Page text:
You can read all the technical mumbo jumbo above or just look for alternatives to bypass Viasat's video resolution downgrader. I use alternatives like Terry here describes and I get along just fine.
(Edited)
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Jab

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RE: "read all the technical mumbo jumbo above"

The relevant issue here, which could be verified via capable router, is if Netflix can deliver a "typically 720p" stream.  In other words, once Viasat's stream rate drops, and then is capable later of higher rates, will Netflix change its stream rate?  If not, then Viasat's "typically 720p" is without an empirical basis.

FWIW, when Vimeo's 720p stream rate is compared to Netflix's, its like comparing apples to oranges. Additionally, AT&T's stream rate on one unlimited plan is 1.6Mbps, which they call SD quality.  Hence, there are speed variations when "720p" is defined by the broadband industry, from about 5Mbps and downward.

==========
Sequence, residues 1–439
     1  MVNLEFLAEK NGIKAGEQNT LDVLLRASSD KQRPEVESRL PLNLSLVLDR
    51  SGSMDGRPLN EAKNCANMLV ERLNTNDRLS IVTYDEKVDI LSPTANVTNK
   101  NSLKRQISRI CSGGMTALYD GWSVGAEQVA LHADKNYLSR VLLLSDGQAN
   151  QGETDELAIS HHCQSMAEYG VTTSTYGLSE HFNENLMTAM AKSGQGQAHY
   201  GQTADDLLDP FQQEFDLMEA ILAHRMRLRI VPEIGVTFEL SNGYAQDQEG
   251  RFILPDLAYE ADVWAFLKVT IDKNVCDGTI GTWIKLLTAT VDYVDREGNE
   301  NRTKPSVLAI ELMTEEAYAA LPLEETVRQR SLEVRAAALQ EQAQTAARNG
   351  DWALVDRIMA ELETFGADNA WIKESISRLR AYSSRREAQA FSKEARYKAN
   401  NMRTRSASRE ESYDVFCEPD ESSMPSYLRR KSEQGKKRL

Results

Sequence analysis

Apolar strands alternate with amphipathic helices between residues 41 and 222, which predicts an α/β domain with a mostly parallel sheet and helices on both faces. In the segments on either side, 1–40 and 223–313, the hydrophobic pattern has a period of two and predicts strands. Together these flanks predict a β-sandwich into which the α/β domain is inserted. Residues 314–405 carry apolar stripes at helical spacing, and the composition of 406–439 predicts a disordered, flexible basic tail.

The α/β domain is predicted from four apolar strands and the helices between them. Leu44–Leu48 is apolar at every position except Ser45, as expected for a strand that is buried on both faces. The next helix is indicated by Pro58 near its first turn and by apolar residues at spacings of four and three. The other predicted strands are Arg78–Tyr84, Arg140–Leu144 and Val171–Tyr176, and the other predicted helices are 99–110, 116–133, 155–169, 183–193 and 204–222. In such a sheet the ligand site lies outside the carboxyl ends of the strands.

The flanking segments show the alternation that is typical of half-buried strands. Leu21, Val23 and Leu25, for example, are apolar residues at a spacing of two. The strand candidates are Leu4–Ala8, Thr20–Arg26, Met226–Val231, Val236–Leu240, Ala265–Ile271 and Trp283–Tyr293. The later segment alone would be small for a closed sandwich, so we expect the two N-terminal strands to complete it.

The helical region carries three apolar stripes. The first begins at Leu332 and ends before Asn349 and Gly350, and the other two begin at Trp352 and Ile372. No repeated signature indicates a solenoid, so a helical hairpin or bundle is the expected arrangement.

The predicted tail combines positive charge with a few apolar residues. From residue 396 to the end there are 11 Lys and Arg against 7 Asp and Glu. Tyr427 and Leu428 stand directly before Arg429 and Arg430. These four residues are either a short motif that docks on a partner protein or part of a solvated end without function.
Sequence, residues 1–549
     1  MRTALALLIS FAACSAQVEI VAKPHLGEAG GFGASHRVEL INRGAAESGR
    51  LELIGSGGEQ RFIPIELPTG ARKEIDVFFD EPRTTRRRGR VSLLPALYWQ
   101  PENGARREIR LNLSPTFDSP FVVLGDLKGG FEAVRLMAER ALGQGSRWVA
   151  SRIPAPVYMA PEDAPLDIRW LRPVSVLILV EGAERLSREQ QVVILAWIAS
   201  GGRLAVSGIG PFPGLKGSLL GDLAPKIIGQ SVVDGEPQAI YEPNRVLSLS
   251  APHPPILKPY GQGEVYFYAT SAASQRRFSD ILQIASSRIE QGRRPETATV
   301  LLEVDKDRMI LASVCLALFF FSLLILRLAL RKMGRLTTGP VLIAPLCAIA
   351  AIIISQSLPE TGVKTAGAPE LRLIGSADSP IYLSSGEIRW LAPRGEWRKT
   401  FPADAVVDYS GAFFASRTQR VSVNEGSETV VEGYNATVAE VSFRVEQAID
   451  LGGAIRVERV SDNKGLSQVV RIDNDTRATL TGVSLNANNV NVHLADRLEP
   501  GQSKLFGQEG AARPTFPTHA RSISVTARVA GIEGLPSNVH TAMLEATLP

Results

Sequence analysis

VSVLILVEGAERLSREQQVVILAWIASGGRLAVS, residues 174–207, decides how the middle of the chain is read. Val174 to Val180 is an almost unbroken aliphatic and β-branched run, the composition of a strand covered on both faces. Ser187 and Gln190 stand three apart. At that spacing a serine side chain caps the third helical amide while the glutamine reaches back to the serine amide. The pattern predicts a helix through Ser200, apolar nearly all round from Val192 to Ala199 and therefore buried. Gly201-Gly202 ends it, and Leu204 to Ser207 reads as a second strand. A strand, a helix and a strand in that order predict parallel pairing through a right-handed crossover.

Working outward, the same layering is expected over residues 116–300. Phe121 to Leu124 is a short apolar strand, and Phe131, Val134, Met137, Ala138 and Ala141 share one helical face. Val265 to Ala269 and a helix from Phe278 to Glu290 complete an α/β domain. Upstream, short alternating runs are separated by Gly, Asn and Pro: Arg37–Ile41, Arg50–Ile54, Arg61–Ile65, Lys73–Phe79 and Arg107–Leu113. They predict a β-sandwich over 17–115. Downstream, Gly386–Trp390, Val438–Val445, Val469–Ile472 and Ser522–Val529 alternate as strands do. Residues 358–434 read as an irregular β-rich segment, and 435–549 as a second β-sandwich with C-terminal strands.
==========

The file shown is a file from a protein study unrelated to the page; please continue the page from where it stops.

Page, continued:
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Old Labs (VS1-329-L12FZ)

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RE: " will Netflix change its stream rate?"

No, Netflix doesn't change the stream rate it changes the quality delivered based on current network conditions and load. Netflix videos are encoded and optimized on a per title basis at various qualities. When streamed they are delivered in "chunks" at the quality Netflix deems appropriate (i.e. video quality is adaptive throughout the playback). Others here have noted and observed the changes in quality that occur as "speed" fluctuates. In two words, it's "rocket science" - the goal is to deliver the highest quality experience when "Auto" is configured by the Netflix subscriber. In fact  Netflix appears to start at lower quality and work it's way up to achieve the optimal quality. More mumbo, more jumbo...

https://medium.com/netflix-techblog/using-machine-learning-to-improve-streaming-quality-at-netflix-9...

Corrected link...